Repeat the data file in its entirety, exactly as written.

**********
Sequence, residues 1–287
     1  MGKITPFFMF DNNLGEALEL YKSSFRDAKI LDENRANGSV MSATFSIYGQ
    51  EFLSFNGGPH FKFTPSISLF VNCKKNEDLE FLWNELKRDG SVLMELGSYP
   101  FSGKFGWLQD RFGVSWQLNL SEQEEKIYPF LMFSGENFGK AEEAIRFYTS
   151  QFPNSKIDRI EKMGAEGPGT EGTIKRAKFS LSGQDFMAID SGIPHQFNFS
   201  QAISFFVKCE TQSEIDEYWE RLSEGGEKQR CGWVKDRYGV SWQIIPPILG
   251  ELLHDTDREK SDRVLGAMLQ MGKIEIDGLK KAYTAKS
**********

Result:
Sequence, residues 1–287
     1  MGKITPFFMF DNNLGEALEL YKSSFRDAKI LDENRANGSV MSATFSIYGQ
    51  EFLSFNGGPH FKFTPSISLF VNCKKNEDLE FLWNELKRDG SVLMELGSYP
   101  FSGKFGWLQD RFGVSWQLNL SEQEEKIYPF LMFSGENFGK AEEAIRFYTS
   151  QFPNSKIDRI EKMGAEGPGT EGTIKRAKFS LSGQDFMAID SGIPHQFNFS
   201  QAISFFVKCE TQSEIDEYWE RLSEGGEKQR CGWVKDRYGV SWQIIPPILG
   251  ELLHDTDREK SDRVLGAMLQ MGKIEIDGLK KAYTAKS